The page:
September 23, 2009
STATE OF NEW JERSEY, PLAINTIFF-RESPONDENT,
QUENTIN WRIGHT, A/K/A LUDDIE JOHNSON, DEFENDANT-APPELLANT.
On appeal from Superior Court of New Jersey, Law Division, Atlantic County, Indictment No. 07-02-0457.
NOT FOR PUBLICATION WITHOUT THE APPROVAL OF THE APPELLATE DIVISION
Submitted September 15, 2009
Before Judges Wefing and Messano.
Defendant was indicted for robbery while armed, N.J.S.A. 2C:15-1; conspiracy to commit robbery while armed, N.J.S.A. 2C:5-2; aggravated assault, pointing a firearm, N.J.S.A. 2C:12-1(b)(4); possession of a weapon for an unlawful purpose, N.J.S.A. 2C:39-4(a); unlawful possession of a weapon, N.J.S.A. 2C:39-5(b); and receiving stolen property, N.J.S.A. 2C:20-7. Tried to a jury, he was convicted of conspiracy and acquitted of all other charges. The trial court sentenced defendant to nine years in prison, subject to the provisions of the No Early Release Act ("NERA"), N.J.S.A. 2C:43-7.2. Defendant has appealed his conviction and sentence. After reviewing the record in light of the contentions advanced on appeal, we affirm.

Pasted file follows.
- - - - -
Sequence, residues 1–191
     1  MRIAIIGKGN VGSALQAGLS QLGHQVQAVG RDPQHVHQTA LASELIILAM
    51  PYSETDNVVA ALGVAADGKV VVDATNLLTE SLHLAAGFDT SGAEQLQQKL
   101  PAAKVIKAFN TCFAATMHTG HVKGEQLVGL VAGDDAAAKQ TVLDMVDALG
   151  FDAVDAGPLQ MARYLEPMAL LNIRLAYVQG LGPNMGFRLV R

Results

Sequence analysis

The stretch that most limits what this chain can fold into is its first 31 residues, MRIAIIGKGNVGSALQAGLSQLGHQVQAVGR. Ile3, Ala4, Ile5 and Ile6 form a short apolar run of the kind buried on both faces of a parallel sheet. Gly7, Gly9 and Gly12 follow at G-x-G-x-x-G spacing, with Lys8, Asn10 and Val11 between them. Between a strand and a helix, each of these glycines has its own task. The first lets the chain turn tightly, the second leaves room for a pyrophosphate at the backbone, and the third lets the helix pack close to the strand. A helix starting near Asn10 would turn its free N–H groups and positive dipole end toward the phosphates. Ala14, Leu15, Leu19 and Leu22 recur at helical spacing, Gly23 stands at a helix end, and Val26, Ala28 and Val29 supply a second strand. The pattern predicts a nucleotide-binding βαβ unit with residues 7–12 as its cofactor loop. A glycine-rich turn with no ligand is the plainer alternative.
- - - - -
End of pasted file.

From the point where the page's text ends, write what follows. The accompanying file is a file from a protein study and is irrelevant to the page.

The charges against defendant were based upon an incident that occurred in the evening hours of January 6, 2007, in Atlantic City when three young people were robbed at gunpoint. They called the police, reporting that the robbers had fled in a black SUV. Within minutes, defendant and three others were apprehended when the SUV in which they were riding was stopped by the police. Items taken in the robbery and a handgun were found in the vehicle. The victims identified defendant and the other occupants, and they were placed under arrest.
Shortly before defendant's trial got underway, Jordan Johnson and Clarence Rogers, who had been passengers in the SUV, entered into plea bargains under which each pleaded guilty to theft and agreed to testify at defendant's trial. Both were minors at the time they were arrested, but jurisdiction had been waived to the Law Division. R. 5:22. Each had turned eighteen by the time of defendant's trial.